Maybe former Madison Mayor Paul Soglin is one of them.
The mayor who once distinguished himself by showing up at a city council meeting wearing a duck costume wrote in his blog today that blame for the I35W bridge collapse can be laid on President Bush, former President Reagan and other Republicans everywhere who oppose new taxes.
Soglin writes: "The issue is the thousands of unsafe bridges throughout the United States and the Reagan-Bush policies that resulted in this loss of life." He adds: "The Republicans in the Wisconsin Assembly, no brighter than their president, continue to push for tax cuts for the rich." Read it for yourself: http://www.waxingamerica.com/2007/08/bush-i-w35-brid.html
Of course, Soglin is correct that infrastructure rehabilitation has been neglected in this country (and the same is true for Canada, where steep taxes and government regulation are ways of life). He's wrong when he injects partisan politics into the blame game.
Here are the facts. Highway projects are funded largely by state and federal gasoline taxes. Wisconsin motorists pay 51.3 cents per gallon in gasoline taxes, higher than the national average of 45.8 cents and much higher than 40.4 cents per gallon in Minnesota. A comparable spread exists for diesel fuel.
The Milwaukee Journal-Sentinel, which is hardly the lap dog of Republicans, wrote in a December 2, 2005 editorial that the Wisconsin legislature should repeal the automatic annual indexing of the state gasoline taxes because it relieves legislators from taking the political responsibility for these increases. As the state's largest daily newspaper wrote then: "As we argued in April , the gas tax has gone up 13% in five years and is one of the highest in the country."
Wisconsin's gasoline tax indexing was the brainchild of former State Transportation Secretary Lowell Jackson, a Republican appointed by then-Governor Lee Sherman Dreyfus, also a Republican. Jackson warned then that indexing was necessary to keep the infrastructure from crumbling.
In his dazed passion for partisan political bashing Soglin overlooked the real culprits. Here's what the Journal-Sentinel said: "Gas tax money should be reserved in a segregated fund for transportation. Improved highways and public transit are essential to economic development in the state. Without an adequate transportation infrastructure, the economy will simply stagnate. If workers, products and supplies can't get to jobs, markets and manufacturers, the region can kiss goodbye any hope of competing in the world market. That means spending money on road projects and on mass transit . . . Making sure the money is held in a segregated fund and not robbed for general budget purposes, as has happened of late will help ensure those projects get done."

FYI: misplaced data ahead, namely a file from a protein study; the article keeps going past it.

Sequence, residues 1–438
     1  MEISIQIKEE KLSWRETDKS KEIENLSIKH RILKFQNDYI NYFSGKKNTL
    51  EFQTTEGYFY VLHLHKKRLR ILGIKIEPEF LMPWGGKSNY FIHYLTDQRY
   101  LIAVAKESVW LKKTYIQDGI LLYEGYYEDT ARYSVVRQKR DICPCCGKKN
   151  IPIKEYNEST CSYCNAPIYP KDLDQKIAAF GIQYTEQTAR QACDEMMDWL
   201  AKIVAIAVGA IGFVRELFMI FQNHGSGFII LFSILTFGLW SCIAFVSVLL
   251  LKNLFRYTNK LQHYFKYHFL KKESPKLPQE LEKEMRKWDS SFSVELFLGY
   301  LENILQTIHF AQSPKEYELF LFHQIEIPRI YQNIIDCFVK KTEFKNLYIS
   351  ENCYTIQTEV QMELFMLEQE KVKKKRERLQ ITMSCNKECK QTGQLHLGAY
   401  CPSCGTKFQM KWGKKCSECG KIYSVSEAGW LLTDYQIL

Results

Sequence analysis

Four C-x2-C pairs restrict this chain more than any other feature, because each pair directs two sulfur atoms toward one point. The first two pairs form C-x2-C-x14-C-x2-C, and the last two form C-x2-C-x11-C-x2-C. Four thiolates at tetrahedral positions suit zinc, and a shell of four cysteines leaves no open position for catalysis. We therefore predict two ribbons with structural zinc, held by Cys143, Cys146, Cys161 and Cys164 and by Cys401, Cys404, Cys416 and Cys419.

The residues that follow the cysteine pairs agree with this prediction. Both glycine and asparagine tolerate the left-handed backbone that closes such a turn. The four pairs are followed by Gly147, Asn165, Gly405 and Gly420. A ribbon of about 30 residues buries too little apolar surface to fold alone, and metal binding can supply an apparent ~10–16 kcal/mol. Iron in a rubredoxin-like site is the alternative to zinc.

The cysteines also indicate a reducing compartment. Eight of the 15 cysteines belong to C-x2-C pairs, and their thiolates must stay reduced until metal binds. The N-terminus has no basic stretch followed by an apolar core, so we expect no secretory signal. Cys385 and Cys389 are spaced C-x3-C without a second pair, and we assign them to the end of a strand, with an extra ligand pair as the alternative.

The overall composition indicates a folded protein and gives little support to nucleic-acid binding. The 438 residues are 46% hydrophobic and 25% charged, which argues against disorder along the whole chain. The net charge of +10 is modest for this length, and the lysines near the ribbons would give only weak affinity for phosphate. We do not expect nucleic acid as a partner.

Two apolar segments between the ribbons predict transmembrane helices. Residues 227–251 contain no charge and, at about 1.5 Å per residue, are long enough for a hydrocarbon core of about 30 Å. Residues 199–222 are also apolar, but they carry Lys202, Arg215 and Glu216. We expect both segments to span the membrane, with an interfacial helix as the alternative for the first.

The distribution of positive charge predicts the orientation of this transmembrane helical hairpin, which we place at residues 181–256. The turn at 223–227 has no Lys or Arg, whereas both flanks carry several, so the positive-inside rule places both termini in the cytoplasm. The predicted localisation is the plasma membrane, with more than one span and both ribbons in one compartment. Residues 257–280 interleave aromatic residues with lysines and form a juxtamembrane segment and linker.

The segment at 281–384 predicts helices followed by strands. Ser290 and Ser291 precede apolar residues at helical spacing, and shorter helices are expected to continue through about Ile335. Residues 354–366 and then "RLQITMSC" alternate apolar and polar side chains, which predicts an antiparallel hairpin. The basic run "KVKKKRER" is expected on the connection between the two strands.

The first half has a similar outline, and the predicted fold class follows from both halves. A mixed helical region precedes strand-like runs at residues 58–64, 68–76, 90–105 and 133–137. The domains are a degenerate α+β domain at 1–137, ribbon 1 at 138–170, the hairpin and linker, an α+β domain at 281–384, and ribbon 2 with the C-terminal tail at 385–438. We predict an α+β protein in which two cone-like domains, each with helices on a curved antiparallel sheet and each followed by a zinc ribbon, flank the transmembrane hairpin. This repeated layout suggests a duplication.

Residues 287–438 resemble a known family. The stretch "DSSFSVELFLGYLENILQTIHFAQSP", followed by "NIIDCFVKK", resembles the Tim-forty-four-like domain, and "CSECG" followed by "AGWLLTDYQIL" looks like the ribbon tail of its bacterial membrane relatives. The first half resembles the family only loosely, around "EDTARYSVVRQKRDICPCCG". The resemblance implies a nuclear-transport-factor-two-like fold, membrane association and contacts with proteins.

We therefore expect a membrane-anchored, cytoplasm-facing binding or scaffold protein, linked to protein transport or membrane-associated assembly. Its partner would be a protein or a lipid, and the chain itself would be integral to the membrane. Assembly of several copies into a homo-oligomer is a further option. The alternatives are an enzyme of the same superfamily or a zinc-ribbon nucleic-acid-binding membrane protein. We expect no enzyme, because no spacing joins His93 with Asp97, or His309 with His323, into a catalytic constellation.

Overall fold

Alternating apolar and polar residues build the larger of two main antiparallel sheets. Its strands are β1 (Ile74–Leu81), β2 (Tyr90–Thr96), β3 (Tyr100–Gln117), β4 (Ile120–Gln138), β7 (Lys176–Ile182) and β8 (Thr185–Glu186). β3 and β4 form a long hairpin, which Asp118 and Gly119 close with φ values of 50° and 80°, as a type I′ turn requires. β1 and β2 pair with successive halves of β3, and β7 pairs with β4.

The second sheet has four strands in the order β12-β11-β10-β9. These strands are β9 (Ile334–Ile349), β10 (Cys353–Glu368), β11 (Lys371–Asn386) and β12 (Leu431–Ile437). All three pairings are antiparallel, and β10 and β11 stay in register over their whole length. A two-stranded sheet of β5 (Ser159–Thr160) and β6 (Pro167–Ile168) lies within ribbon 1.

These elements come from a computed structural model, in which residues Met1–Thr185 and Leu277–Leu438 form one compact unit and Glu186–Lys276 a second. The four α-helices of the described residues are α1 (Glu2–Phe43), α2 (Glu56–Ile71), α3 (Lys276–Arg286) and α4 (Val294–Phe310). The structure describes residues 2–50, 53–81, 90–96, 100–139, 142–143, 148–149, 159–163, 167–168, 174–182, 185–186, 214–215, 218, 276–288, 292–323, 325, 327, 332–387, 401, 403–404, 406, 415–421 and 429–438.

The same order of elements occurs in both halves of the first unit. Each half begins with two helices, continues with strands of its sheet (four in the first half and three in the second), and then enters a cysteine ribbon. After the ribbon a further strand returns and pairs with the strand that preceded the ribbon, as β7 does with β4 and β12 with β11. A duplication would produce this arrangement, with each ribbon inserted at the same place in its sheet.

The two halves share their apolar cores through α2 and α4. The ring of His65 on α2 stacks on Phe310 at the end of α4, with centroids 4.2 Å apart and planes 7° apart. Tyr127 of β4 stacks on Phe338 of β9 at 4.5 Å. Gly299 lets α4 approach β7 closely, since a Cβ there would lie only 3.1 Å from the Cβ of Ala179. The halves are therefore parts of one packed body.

While the former "hippie mayor" blithely bashes Bush for not mentioning the nation's endangered infrastructure in the president's remarks in Minneapolis Saturday, he, too, is guilty of omission for not calling out: (1) The specific failure of Minnesota's legislature -- in which Democrats rule the roost -- for not raising the state's gasoline tax in years and (2) The failure of Wisconsin's governor, a Democrat, and legislature to stay away from raiding the transportation fund for other purposes.
I'm not a blind Bush follower. Truth be told, I backed John McCain in 2000. Nonetheless bashing Bush may feed the savage souls of Democrats but the problem didn't get here overnight nor is the blame isolated to any one politician or political party.
It should behoove government to redirect its spending more on the traditional government services and less on social and politcally-inspired programs. The infrastructure won't be fixed by bashing but by reordering government priorities to, essentially, "get back to the basics."
That was echoed today by Senator McCain who blasted diversion of highway money for "pork" projects such as a proposed $50 million indoor rain forest in Iowa or a $233 million bridge in Alaska to an island with 50 inhabitants.
The problem with "pork" -- Washington, D.C. style pork, that is -- is that it's only tasty when you're swallowing it. I doubt there's ever been a governor -- or mayor -- who's ever done anything but gloat over getting federal money. So it's only "pork" when it goes goes to someone else's city or state and no party has a corner on "pork" -- it's a bipartisan taste. We need to be honest about that.
Fixing our infrastructure requires political courage, something in short supply in both parties.